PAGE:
Over a 12-month span, it offers successful applicants financial support, one-to-one mentoring, training and access to a wide range of tools and resources to help bring young creatives’ ideas to reality. From documentary film-making to activist theatre, THE LEAP is helping carve the futures of Bradford’s promising artists, whilst advocating the influence and impact that art can have on society.
So far, through the Bradford For Everyone initiative, Bradford Council has developed and commissioned over 40 projects – providing a range of meeting places for people of all different religious, socio-economic and ethnic backgrounds. Through these opportunities for community engagement and involvement, they hope to slowly unite Bradford’s various social divisions and sculpt a brighter future for the city.
Radical Collaboration: Collective Action to Combat Food Insecurity in New York
West Side Campaign Against Hunger (WSCAH)’s work is founded on their three principles of ‘Dignity. Community. Choice’. They work in partnership with their customers, with many volunteering their services or acting on the board of directors. This model provides direct insight into the communities that they cater to, and ensures people’s needs are heard. Striving to challenge the perceptions around hungry people, the WSCAH community is built on foundations of respect and autonomy, providing “access with dignity”. The organization places a strong emphasis on healthy food, with fresh produce constituting 47% of the food distributed in 2020.
For over forty years, WSCAH has worked to alleviate hunger across New York City. A true pioneer in the field, it was the first ‘customer-choice supermarket style pantry’ in the US, developing a unique model that promotes empowerment and self-sufficiency within the communities it serves.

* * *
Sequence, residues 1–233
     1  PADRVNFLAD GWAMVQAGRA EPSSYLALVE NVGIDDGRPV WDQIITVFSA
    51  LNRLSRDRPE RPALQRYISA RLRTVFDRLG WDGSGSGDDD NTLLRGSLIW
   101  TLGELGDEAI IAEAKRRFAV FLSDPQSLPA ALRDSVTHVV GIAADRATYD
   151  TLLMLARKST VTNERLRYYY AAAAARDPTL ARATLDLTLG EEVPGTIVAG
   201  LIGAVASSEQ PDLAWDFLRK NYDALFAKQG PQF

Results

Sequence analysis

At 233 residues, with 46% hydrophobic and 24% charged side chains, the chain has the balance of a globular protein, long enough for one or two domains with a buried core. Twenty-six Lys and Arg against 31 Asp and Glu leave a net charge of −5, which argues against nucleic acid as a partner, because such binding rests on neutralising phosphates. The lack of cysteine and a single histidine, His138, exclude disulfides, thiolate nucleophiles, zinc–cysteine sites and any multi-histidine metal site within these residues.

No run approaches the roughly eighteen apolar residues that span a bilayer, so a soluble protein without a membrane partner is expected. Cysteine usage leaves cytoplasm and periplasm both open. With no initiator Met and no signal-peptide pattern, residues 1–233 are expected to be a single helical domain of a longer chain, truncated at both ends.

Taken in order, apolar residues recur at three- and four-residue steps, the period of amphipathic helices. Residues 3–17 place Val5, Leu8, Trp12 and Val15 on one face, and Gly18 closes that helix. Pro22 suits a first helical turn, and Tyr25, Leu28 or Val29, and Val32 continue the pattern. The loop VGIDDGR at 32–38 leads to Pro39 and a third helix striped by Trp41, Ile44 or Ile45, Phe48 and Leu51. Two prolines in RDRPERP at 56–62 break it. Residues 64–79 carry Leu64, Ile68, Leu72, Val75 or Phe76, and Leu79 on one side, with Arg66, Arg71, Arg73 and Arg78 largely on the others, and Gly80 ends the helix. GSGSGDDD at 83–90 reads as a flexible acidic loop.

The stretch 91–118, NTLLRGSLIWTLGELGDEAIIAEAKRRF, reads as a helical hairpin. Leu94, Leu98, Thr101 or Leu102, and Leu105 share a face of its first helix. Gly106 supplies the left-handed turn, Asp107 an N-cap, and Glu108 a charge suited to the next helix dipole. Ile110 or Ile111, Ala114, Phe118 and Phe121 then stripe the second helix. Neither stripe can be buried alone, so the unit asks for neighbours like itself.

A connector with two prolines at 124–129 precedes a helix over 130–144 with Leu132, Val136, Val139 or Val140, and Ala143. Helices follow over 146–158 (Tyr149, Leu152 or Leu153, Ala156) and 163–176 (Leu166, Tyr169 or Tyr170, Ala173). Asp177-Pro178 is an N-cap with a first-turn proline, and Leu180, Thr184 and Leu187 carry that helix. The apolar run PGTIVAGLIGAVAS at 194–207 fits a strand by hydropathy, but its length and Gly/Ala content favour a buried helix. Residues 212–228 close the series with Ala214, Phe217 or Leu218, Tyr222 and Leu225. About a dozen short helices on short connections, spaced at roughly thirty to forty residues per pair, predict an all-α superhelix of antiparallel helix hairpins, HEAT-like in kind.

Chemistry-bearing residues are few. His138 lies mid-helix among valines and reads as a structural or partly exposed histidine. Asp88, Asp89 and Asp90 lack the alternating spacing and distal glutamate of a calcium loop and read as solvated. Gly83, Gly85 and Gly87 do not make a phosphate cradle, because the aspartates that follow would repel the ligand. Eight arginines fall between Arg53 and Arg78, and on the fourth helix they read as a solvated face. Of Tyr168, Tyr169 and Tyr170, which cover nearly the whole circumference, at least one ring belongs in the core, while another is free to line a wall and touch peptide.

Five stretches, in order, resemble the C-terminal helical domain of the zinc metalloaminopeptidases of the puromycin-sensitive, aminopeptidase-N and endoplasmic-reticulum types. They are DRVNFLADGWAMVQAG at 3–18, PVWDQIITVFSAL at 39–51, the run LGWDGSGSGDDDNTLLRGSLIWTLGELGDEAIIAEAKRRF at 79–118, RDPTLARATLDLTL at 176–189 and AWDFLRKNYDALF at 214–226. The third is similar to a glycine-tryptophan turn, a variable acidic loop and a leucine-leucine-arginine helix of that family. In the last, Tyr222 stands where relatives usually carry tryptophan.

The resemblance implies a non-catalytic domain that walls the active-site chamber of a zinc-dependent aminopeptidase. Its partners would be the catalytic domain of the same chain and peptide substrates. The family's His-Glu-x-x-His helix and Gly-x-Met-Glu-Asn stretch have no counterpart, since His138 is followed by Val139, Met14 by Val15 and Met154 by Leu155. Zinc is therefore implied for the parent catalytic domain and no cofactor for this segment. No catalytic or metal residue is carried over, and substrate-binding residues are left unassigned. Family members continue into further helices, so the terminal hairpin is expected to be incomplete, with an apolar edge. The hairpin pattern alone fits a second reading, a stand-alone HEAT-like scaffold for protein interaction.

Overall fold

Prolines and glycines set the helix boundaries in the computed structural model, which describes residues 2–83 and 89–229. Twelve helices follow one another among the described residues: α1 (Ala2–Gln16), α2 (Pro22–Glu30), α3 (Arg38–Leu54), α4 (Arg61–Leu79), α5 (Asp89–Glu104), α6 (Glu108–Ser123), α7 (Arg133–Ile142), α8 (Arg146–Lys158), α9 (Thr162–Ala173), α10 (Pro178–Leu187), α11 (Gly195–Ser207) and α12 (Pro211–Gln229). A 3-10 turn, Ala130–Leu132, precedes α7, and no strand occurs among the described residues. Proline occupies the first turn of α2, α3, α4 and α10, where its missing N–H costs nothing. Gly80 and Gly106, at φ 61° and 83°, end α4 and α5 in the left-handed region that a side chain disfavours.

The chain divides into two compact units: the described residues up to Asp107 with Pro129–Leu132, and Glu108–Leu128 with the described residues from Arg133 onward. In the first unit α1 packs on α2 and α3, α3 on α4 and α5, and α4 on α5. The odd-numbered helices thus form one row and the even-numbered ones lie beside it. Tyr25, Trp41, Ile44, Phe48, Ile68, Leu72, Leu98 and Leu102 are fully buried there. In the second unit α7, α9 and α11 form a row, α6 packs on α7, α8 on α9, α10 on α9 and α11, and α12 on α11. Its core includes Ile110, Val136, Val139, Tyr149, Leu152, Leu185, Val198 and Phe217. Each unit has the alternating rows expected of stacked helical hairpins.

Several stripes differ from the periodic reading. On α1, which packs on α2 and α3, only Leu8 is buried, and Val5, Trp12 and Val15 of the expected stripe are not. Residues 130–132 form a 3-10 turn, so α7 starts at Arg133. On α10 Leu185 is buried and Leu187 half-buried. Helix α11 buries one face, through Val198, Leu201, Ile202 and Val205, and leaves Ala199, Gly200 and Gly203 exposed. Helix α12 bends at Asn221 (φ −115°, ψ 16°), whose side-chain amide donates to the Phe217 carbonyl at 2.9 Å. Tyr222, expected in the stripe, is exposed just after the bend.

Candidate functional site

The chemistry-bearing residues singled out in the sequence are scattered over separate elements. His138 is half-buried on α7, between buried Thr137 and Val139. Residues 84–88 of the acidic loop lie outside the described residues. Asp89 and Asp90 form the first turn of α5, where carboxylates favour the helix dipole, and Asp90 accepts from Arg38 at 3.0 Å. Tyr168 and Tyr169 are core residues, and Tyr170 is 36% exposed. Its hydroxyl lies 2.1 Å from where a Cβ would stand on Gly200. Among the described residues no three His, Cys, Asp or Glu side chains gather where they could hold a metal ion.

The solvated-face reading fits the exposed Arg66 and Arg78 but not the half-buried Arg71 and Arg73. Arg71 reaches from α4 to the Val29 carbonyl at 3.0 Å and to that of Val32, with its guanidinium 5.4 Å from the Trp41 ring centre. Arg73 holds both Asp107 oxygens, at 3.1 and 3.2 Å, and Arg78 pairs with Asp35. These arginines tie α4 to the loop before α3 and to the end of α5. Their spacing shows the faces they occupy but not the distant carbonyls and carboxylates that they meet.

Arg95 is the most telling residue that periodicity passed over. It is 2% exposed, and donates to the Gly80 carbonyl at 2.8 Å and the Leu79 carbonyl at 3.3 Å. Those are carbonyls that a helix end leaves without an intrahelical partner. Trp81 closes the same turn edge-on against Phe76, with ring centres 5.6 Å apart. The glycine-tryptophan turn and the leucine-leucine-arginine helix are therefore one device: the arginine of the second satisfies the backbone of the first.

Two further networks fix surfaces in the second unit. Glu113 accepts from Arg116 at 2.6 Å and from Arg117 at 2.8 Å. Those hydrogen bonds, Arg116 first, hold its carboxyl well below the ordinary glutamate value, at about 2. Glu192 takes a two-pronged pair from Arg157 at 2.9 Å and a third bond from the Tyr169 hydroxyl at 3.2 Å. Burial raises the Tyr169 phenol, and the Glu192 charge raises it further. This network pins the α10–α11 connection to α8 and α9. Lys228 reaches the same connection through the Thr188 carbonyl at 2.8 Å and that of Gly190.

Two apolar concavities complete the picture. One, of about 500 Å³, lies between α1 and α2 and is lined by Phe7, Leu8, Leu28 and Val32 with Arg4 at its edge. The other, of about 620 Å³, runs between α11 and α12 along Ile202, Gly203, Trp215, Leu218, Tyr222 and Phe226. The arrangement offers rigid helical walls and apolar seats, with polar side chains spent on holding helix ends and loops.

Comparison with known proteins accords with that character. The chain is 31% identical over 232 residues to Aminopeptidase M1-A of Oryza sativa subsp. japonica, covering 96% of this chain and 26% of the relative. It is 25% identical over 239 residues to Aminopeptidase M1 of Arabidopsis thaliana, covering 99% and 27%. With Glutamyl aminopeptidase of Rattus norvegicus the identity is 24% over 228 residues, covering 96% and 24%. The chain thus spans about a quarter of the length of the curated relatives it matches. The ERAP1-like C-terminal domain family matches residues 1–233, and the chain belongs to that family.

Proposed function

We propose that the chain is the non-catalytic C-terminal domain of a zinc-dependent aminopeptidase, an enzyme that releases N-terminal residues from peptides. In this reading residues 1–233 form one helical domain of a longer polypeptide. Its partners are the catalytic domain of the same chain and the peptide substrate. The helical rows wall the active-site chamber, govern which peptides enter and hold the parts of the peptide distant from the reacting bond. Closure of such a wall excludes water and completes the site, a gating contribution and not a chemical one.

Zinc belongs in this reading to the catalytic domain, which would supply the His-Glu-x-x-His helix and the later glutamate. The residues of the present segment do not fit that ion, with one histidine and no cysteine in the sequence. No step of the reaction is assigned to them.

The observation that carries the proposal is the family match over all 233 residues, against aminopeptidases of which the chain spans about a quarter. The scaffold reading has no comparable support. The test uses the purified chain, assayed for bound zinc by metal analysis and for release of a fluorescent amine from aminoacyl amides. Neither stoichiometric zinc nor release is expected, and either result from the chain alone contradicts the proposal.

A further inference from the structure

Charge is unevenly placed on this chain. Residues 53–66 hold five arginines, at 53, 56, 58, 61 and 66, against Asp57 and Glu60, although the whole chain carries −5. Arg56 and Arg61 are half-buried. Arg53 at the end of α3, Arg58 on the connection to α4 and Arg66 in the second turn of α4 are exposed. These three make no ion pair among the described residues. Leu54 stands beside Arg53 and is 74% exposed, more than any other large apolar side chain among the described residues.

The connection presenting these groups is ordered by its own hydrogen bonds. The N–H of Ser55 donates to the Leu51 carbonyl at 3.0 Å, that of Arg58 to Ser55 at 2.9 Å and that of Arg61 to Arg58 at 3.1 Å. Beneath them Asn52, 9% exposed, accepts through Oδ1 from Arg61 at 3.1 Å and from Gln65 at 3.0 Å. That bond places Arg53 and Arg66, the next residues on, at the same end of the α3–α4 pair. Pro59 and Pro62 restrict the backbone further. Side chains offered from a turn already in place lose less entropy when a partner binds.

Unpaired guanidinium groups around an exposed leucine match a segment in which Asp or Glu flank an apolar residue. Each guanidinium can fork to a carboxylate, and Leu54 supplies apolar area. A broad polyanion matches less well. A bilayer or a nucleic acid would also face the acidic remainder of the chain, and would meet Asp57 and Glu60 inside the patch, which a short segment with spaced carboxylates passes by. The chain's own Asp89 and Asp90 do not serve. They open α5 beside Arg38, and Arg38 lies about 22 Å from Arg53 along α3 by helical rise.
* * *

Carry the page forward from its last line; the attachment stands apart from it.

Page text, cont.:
The organization operates across all five boroughs of New York, giving low-income residents access to healthy food, support services, culinary training, nutrition workshops and cooking demonstrations.
Before the pandemic, WSCAH operated several open pantries across the city where residents were given points to spend on their own selection of groceries, allowing customers to shop to their preferences and specific requirements. But, with the mobility restrictions brought about by the pandemic, the model needed adapting. The organization responded to this by developing its ‘Mobile Market Program’, which serves the needs of those unable to reach the other locations. The ultimate purpose: to ensure no-one in New York is left unaccounted for.
Last year, as coronavirus cases in New York rose exponentially, so did the levels of food insecurity. April saw a threefold increase in WSCAH customers, compared to their usual average rate. It became clear that their help, throughout the pandemic, would be more crucial than ever.
Since the onset of the virus, WSCAH has been joined by over 1,300 new volunteers. The teams delivered food directly to New York’s most vulnerable citizens, moving their pantry locations outdoors and distributing healthy food parcels to recovering COVID-19 patients upon their discharge from hospital.
Over the winter of 2020, they collaborated with 32 different organizations across the 5 boroughs of New York, such as Uber and Lyft – who helped with distribution and delivery of food boxes to peoples’ homes. Meanwhile, they have been working virtually to connect customers to over $1.3 million worth of food stamps (SNAP benefits), ensuring that they have the additional resources necessary to provide food for themselves and their families.
As the pressure on WSCAH has increased, they have responded by expanding and adapting their services, reaching staggering new numbers. In 2020 alone, they reached 12,727 new families and distributed 2.2 million pounds of food; the number of individuals they served increased by 178% and the number of household visits by 93%.
WSCAH have used this crisis as an opportunity to grow and consolidate their services, proving they are a truly reliable resource for the residents of New York. They have worked tirelessly to remove any shame or obstacles around seeking help, making sure nobody has to face the pandemic malnourished or on an empty stomach.
Leading through uncertainty: Bending towards wholeness
Beep-beep-beep! Beep-beep-beep! The sound of the kitchen smoke alarm pierces through the house. I sit bolt upright in my bed. It’s 12.15 am. The lights are on in the hallway. I hear mumbling, “It’s bad, it’s really bad.” I venture into the kitchen and find one of the kids standing in front of the oven. Smoke is pouring out, toxic fumes billowing through the air and out of the window. I carefully open the oven door. Through the smoke I can see a half-baked pizza on a melting chopping board, a growing pool of molten plastic on the oven floor. I cough as the stench fills my lungs. I shut the door quickly.